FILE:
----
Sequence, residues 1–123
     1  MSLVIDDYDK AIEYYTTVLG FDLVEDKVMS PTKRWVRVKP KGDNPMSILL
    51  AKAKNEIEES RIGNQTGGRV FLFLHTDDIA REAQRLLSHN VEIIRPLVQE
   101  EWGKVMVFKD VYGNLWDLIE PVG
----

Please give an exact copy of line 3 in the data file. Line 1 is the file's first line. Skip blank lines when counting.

    51  AKAKNEIEES RIGNQTGGRV FLFLHTDDIA REAQRLLSHN VEIIRPLVQE